Process and Expression in Architectural Form

Front Cover
University of Oklahoma Press, 1994 - Architecture - 166 pages
0 Reviews

Generously illustrated with concept development sketches as well as site plans, section drawings, full schematics, and photographs of finished buildings, this engaging volume focuses on "organic synthesis," the creative process that is architect Gunnar Birkerts's methodology and philosophy.

Birkerts likens his organic approach to listening to music: the music must be heard as it unfolds; an attempt to perceive it all at once would reduce it to noise. Organic synthesis occurs as all aspects of a project present themselves: the building site, the building program and budget, available materials and technologies, emotional or intuitive content revealed through architect-client interaction.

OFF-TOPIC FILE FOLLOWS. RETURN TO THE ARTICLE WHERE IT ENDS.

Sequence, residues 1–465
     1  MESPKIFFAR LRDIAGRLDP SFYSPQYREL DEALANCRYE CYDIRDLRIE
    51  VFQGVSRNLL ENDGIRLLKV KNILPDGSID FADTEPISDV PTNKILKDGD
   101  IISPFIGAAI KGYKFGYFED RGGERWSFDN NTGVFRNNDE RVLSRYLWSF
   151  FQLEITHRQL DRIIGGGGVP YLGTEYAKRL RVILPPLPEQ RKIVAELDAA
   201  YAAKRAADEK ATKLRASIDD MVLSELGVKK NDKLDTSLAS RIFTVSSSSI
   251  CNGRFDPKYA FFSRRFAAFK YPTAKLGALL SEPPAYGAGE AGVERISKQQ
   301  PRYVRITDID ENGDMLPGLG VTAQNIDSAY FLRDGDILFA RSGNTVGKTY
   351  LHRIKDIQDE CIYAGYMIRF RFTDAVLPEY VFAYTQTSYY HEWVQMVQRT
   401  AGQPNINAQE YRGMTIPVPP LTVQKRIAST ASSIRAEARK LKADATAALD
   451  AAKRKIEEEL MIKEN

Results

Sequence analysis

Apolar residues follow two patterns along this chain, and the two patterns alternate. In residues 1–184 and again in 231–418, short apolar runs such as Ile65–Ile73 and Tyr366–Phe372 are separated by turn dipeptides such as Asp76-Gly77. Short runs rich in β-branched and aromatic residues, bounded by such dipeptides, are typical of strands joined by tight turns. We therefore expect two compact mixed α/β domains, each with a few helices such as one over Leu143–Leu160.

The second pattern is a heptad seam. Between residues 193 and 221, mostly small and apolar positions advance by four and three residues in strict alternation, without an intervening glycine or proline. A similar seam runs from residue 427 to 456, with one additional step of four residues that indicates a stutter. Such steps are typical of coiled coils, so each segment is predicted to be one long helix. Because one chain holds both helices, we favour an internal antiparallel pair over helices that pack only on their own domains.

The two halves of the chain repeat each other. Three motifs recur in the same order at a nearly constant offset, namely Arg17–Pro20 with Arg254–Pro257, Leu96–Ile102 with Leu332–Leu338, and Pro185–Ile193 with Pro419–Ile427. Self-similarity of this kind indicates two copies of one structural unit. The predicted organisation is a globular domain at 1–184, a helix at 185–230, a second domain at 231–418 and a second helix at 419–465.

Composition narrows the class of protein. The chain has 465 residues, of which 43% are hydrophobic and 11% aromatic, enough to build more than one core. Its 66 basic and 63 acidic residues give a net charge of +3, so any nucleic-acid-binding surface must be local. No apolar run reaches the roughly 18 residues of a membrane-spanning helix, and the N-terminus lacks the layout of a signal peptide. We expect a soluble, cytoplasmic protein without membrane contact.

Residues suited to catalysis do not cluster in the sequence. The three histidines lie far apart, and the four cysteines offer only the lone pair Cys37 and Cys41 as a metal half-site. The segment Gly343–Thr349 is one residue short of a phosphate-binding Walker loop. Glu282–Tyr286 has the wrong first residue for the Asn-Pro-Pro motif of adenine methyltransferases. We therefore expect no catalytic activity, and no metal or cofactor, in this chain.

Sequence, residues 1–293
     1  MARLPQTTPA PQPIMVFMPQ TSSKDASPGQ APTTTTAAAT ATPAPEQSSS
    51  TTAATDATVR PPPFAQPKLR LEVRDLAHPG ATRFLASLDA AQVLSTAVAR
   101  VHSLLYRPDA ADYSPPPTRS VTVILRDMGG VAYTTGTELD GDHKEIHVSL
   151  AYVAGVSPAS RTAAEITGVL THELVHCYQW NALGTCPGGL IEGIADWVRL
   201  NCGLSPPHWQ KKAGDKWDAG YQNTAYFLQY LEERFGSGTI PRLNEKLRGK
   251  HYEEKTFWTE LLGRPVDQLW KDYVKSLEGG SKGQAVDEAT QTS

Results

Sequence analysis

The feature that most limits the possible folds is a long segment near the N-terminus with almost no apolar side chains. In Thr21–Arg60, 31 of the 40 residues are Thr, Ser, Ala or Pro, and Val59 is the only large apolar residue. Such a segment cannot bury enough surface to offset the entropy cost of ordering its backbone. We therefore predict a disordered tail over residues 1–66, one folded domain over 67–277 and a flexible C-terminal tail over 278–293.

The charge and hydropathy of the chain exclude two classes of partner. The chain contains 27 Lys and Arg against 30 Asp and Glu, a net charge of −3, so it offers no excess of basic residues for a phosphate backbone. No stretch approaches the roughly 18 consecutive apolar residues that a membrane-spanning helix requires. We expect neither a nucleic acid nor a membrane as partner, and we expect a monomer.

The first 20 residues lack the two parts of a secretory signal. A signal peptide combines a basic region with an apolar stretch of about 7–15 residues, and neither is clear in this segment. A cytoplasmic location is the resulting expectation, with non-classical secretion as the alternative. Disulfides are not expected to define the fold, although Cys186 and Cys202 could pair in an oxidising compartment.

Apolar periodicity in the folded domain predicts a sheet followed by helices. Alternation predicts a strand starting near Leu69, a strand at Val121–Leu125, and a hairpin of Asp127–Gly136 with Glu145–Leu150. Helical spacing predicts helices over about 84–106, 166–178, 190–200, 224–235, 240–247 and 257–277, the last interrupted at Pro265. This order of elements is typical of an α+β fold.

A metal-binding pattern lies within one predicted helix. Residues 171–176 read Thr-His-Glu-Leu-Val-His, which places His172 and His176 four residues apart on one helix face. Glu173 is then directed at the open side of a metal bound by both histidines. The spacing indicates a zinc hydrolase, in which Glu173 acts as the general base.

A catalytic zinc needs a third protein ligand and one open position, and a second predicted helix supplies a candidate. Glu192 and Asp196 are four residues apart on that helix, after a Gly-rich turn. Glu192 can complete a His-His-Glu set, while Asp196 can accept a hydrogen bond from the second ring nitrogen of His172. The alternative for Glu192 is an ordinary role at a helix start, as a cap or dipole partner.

What people are saying - Write a review

We haven't found any reviews in the usual places.

Other editions - View all

Common terms and phrases

About the author (1994)

Gunnar Gunivaldis Birkerts was born in Riga, Latvia on January 17, 1925. At the end of World War II, he fled Latvia ahead of the advancing Soviet Army and made his way to Germany. He received diplomas in engineering and architecture from Stuttgart's technical university. He emigrated to the United States in 1949. He worked for the Chicago firm Perkins & Will for two years before joining Eero Saarinen's firm. In 1956, he joined Yamasaki, Leinweber & Associates. In 1959, he and his colleague Frank Straub formed their own firm, Birkerts & Straub. In 1963, he started his own firm, Gunnar Birkerts & Associates. He designed the Contemporary Arts Museum in Houston, the Federal Reserve Bank in Minneapolis, the American embassy in Caracas, and the Latvian National Library in Riga. He taught architecture at the University of Michigan from 1959 to 1990. He wrote several books including Subterranean Urban Systems, Gunnar Birkerts: Buildings, Projects, and Thoughts, 1960-1985, and Process and Expression in Architectural Form. In 1981, he received the Arnold W. Brunner Memorial Prize in Architecture. He died on August 15, 2017 at the age of 92.

Bibliographic information